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Fort Union Survey Formatting

Survey Form 1

The original survey form developed in 1995 proved to be too complex, but was well intended. Its approach also considered full sections of wall which proved to be to variable for comparative assessment.

Penn Form 1

Our first attempt at a form included graphics to assist in the assessment process. Following the survey, it was determined that many of the questions did not address the issues in a way that allowed the data to identify a scaled assessment of all walls on the site.

Penn Form 2

Above: Our final form was the result of extensive self evaluation of previous forms and the resulting data. This form was meant to allow for "rapid" assessment that could then rank all walls from best to worst condition, as well as provide a way to evaluate each wall by its individual surfaces.

Below: A representative page of the final conditions glossary created for the survey.
Survey Glossary


Condition Surveys
Surveys were completed for the adobe walls in 1995, 2016 and 2018. The concept behind each survey was to identify erosion trends and to prioritize stabilization so as to identify which walls needed treatment and in which order. Following the 2016 survey it became apparent that the most problematic issue for comparing data within a single survey, as well as comparing one survey to another, was how the wall segments were defined. Different teams used different ways of identifying a single segment. The question, which proved most difficult to answer, was should each wall segment be defined by room or building or should walls be divided up so that each segment is comparative in size? Another issue was determining what conditions were critical for assessing walls.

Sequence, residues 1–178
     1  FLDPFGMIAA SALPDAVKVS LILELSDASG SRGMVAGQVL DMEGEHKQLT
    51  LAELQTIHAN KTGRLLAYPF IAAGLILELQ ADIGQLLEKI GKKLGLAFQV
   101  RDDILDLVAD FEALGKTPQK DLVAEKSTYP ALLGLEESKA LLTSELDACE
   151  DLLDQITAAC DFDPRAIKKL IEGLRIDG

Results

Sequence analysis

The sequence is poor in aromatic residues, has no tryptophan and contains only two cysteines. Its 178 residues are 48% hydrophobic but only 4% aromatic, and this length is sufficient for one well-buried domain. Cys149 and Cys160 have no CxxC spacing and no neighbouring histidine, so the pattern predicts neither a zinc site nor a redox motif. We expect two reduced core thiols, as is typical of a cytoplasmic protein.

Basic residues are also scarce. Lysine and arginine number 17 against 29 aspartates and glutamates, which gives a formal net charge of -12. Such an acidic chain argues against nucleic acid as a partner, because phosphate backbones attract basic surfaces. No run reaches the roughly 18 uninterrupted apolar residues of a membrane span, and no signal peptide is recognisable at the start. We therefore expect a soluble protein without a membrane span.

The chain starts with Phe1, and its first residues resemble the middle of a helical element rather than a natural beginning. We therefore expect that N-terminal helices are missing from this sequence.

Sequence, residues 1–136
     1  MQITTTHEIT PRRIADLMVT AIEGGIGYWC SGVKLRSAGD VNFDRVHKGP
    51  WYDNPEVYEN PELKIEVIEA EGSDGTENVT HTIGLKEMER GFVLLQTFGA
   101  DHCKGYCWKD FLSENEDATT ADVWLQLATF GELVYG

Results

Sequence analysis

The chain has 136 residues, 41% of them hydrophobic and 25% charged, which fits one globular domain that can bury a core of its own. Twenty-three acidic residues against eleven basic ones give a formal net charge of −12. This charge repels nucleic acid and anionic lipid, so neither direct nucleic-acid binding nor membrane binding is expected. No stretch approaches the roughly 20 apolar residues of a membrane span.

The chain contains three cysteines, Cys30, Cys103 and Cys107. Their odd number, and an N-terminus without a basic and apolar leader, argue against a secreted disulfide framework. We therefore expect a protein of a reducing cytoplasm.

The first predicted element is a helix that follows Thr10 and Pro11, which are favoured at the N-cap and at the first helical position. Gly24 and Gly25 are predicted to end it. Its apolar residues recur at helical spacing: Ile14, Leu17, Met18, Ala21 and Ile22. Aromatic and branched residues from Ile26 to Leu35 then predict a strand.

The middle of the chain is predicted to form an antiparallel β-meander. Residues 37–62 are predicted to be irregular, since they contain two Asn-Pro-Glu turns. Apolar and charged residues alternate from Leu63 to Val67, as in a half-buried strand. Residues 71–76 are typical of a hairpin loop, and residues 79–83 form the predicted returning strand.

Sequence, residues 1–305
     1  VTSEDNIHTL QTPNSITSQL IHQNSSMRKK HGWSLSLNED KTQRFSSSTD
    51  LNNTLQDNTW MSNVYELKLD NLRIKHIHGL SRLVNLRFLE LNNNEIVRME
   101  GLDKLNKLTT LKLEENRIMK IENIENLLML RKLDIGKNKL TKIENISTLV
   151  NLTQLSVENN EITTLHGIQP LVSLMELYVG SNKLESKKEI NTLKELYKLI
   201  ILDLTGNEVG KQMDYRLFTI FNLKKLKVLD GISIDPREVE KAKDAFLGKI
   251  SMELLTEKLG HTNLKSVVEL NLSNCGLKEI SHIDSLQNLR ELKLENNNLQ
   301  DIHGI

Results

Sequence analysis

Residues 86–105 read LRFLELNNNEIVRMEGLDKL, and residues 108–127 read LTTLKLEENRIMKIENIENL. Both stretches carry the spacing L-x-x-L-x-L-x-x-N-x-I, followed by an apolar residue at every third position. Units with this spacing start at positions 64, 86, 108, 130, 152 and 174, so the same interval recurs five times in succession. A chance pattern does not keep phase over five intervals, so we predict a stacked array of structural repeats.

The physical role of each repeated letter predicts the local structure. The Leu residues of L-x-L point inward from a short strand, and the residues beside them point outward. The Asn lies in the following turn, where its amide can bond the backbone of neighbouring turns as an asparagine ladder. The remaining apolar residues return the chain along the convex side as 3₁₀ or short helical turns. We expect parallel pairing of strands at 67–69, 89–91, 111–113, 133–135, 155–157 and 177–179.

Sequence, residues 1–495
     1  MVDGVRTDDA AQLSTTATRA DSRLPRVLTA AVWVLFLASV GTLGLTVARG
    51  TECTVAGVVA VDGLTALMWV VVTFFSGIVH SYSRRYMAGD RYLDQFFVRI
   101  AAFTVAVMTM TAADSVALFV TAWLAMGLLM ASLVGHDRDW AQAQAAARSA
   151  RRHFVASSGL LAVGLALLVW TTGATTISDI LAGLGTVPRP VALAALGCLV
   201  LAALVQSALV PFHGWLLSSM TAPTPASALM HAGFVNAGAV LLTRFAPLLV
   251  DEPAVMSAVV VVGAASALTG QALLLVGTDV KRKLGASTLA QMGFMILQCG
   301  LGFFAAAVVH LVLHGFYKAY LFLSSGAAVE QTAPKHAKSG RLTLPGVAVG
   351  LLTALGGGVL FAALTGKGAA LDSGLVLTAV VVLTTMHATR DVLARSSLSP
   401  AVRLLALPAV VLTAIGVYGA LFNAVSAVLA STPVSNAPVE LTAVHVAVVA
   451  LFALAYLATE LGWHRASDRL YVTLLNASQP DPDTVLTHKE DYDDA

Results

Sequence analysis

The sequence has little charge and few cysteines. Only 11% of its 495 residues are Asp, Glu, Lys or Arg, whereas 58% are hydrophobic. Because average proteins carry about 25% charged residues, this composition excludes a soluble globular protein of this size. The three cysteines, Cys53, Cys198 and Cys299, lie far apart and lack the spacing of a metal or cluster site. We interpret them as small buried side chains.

1995 Survey
The original 1995 survey form consisted of two pages divided into eight individual subsections. For this survey a wall unit was defined as any number of wall sections in any orientation as long as they were all physically connected to each other by adobe having no exposed foundation. Since any survey of this type is fundamentally based on the concepts of databasing, additional problems arose because there was no comprehensive code book or glossary describing the rationale behind each question, making it difficult to understand and analyse. In some cases how a question was asked was unclear and in others, the responses would have provided better comparative results if they had been recorded in a different format. Some data referred to original construction, but without solid primary documentation to substantiate this, the results were subjective. For example, the question of “original wall width at base” would be very difficult to know with any certainty unless measurable images were available. 

2016 Survey